The Contraceptive Methods used in Ancient Egypt.
8th century BC, Homer, Greek savant, said “In medicine, the Egyptians were leaving the rest of the world behind”
We are transmitting an article from the French newspaper Nouvel Observateur:
Did you know that the ancient Egyptians knew almost all modern methods of contraception? And that they also designed the first known pregnancy test? With what means? As world-renowned Egyptologist Christiane Desroches-Noblecourt explained in her book The Fabulous Legacy of Egypt, women daily moisten a sample of barley and soft wheat with their urine. If the barley grew, it would mean that the expected child would be a boy; If the common wheat was growing, it would mean that it was a girl. If none of them were growing, it would mean that the woman is not pregnant. The effectiveness of the test has been confirmed by modern science. In fact, the urine of non-pregnant women prevents the growth of barley.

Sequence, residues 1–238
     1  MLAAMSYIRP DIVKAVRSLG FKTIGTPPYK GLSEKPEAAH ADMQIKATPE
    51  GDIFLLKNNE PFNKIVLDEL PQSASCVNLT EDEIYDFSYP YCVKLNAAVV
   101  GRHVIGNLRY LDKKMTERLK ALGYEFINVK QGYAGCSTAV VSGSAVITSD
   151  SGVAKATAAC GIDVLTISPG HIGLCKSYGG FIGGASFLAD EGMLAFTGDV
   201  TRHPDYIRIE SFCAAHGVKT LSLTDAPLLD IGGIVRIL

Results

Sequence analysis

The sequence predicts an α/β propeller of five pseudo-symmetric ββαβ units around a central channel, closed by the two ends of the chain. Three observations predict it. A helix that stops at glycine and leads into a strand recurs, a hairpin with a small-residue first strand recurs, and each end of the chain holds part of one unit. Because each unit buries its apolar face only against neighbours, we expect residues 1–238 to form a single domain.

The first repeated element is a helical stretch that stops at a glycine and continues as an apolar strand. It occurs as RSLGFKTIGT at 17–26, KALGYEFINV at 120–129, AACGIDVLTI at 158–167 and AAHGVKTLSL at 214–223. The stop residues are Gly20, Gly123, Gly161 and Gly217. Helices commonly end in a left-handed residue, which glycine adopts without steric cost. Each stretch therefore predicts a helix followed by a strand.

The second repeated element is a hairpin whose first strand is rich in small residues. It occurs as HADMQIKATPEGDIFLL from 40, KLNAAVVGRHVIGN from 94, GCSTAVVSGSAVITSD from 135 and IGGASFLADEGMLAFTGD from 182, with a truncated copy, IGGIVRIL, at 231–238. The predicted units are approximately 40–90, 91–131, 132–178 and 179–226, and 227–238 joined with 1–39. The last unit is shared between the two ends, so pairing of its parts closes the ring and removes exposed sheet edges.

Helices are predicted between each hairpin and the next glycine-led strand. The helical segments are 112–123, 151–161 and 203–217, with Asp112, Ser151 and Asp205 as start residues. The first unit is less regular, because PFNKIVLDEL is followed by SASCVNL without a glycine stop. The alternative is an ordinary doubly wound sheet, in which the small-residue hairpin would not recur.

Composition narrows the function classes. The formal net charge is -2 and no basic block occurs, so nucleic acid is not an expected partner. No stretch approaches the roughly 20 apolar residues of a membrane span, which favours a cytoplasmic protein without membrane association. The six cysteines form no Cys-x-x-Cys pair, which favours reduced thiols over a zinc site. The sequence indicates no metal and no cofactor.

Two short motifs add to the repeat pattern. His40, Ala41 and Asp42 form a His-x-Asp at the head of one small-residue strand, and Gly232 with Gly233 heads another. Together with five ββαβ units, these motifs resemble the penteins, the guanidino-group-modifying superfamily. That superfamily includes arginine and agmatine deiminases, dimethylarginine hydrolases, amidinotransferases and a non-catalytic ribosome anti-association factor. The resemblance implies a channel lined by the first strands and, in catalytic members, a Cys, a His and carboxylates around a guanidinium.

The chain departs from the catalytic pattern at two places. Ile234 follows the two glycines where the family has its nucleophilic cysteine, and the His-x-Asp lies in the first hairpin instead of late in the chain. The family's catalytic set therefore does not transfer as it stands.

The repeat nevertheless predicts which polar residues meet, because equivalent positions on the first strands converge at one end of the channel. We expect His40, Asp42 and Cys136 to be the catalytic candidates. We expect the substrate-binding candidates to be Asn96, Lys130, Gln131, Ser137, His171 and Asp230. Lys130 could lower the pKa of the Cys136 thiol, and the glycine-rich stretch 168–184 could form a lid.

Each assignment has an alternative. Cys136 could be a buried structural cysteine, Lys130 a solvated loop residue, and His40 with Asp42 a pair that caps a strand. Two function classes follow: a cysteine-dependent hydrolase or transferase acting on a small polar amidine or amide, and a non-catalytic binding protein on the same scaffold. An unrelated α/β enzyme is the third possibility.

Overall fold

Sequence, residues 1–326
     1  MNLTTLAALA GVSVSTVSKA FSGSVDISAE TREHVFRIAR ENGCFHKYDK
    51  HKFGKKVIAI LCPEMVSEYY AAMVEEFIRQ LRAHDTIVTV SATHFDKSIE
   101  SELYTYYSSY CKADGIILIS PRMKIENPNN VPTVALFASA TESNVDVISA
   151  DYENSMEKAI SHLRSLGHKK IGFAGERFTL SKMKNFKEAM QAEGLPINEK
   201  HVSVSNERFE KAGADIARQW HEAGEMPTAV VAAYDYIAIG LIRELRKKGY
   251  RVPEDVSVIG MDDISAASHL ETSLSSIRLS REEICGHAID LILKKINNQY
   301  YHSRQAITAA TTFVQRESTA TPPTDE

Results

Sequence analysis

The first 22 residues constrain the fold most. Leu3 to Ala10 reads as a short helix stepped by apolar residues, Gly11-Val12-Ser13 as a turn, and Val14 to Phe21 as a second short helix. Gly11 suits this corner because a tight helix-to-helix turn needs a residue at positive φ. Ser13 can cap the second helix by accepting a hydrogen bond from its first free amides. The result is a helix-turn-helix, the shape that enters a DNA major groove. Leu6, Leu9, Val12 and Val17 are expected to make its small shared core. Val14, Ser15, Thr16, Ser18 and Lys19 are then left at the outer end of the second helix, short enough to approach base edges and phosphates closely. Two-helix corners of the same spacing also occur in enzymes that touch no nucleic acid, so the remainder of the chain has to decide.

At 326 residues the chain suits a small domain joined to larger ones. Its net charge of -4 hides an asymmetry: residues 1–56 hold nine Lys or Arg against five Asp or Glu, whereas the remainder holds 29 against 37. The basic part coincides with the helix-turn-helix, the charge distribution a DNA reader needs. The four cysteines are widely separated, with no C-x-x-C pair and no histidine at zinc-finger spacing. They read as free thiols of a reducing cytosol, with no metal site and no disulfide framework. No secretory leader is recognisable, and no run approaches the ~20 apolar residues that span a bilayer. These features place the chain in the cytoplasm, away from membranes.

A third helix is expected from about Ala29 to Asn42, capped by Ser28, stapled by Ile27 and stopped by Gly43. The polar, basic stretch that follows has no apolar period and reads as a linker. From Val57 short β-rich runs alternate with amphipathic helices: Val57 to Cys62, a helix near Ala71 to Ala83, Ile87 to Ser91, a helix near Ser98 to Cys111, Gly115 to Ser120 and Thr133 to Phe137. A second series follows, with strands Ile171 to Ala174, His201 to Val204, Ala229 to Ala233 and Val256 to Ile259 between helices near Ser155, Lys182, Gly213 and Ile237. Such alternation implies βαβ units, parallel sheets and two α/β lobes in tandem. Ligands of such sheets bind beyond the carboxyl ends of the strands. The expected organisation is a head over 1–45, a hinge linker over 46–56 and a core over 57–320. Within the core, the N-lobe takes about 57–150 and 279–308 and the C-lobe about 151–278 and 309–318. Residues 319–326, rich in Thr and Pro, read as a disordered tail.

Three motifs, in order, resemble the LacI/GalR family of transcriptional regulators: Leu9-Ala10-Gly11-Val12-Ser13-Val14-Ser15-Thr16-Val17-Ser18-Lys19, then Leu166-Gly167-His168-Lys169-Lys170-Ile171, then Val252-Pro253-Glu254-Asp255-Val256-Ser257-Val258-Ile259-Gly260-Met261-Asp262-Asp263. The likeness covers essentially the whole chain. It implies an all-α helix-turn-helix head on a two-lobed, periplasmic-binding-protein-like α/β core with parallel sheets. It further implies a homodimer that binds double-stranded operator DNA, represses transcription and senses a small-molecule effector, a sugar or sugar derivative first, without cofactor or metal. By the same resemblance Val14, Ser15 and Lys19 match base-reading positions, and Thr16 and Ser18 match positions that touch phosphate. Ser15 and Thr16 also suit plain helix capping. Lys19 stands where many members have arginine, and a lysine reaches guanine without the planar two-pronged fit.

Wooden statuette – Cairo museum The first traces of condoms were found around 1350 BC. Found in Egypt. The condom was made of colored linen soaked in olive oil. It has been used by embalmers on mummies, but we do not know if it was made for sacred or sexual reasons.
Condoms made from sheep’s intestinal membranes are also known, which are used in particular to prevent infectious diseases.
To prevent pregnancy, contraceptive pills are mainly used. It is made up of hormones (estrogens) that inhibit part of the brain (the hypothalamic-pituitary complex) and then prevent the fetus from developing. The ancient Egyptians seemed to understand this because they used handmade pills.
They grind the pomegranate seeds into powder and use wax to make small contraceptives. Pomegranate indeed contains natural estrogens!
And that’s not all! The Egyptians used creams comparable to those of modern spermicides. Almost 3800 years ago, crocodile or elephant droppings containing honey, dates or other substances were used in the ointments and creams prescribed by Egyptian doctors.
The pyramids are not the only traces of the ultra-modernity of these people … and as so often we have improved existing techniques instead of inventing new ones.
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